Perhaps you saw the advertisements leading up to the commencement of Discovery Channel’s latest television series titled, “Curiosity,” in which things that humans are curious about are featured in each week’s new episode. The first show addressed the question, “Did God Create the Universe?” (“Curiosity…,” 2011). Perhaps you, like me, were hopeful that this biased media outlet, a longtime supporter of the liberal agenda, would give the Creation perspective a fair shake. Sadly, hopes were dashed. For one hour, renowned atheist, theoretical physicist, and cosmologist of Cambridge University, Stephen Hawking, was given a platform to spread his atheistic perspective.

Throughout the show, Hawking is the speaker, although the voice switches between his computerized voice and that of a man speaking for him with a British accent. The primary thrust of the show was for Hawking to assert the idea that the reasons many people have had in the past for being theists—namely that there are things we cannot explain in the Universe without a Supernatural cause—are no longer relevant. Though people used to attribute thunder and lightning to gods, we now know, scientifically speaking, what is actually occurring. So, gods are not necessary as an explanation, according to Hawking. He believes that everything can be explained without the need of God. While wrapping up the show, after discussing his theory about the origin of the Universe, he says, “So, what does that mean on our quest to find out if there is a God? It means that…you don’t need a God to create it. The Universe is the ultimate free lunch…” (“Curiosity…”). Though he boldly and presumptuously makes such a claim, he does not even address many of the arguments theists have used for centuries and which still stand as proof positive that God exists (e.g., the Moral Argument, Teleological Argument, Aesthetical Argument, Intuitional Argument, and Ontological Argument). He spends his time addressing only one of the arguments—the Cosmological Argument and the Law of Causality, and his dealings with that argument illuminate the fact that atheism, even in this enlightened age, is still an inadequate worldview.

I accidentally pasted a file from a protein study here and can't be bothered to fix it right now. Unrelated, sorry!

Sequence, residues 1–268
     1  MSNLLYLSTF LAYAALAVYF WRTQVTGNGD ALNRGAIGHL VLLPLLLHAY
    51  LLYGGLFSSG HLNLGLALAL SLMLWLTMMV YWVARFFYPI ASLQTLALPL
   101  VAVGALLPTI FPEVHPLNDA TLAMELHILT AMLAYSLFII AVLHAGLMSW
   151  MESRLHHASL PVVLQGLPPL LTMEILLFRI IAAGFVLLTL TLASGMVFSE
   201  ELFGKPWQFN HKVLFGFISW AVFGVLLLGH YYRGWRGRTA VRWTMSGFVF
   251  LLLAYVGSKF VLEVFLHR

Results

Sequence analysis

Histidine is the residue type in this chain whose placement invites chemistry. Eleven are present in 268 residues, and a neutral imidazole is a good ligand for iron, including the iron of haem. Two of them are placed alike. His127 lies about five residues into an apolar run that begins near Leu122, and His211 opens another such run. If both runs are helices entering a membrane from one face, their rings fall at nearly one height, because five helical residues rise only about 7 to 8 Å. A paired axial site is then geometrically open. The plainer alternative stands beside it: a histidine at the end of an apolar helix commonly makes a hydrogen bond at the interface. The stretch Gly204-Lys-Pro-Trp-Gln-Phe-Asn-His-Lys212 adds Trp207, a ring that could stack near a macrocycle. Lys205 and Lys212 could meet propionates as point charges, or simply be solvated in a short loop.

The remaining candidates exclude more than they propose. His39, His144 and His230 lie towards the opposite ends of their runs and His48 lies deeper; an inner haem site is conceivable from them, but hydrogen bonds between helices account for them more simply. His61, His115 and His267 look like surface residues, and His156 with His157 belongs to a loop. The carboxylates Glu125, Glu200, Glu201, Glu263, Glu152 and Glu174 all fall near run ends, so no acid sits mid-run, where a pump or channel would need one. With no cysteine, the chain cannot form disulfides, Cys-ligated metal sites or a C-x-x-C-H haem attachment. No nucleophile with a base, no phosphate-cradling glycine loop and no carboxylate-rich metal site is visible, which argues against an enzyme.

Much of the first part of the show tap dances around the common logical fallacies known as an “appeal to consequences” and “straw man” (“Appeal to Consequences,” 2009; “Straw Man Fallacy,” 2009). The viewer is subtly encouraged to be an atheist (1) because of the pagan religious beliefs of the Vikings and other religionists of old who erroneously used various gods as a way to explain natural phenomena, and (2) because of the inappropriate behavior of certain Catholic authorities in antiquity who viewed belief in the laws of nature as a heretical concept. The impression is left that such examples exemplify the nature of theism. Such individuals in history, carrying the banner of theism, have been sadly misled, but such examples do not exhibit the nature of true theism. The views and practices of such people should not be a factor in the determination of truth, just as the views of the scientific world in the 1400s that the Earth is flat should not be used as a reason to reject science. Likewise, the behaviors of some atheists throughout history, including Hawking himself, should not be used to dismiss atheism. Truth stands on its own, regardless of those who do or do not espouse it or represent it accurately….

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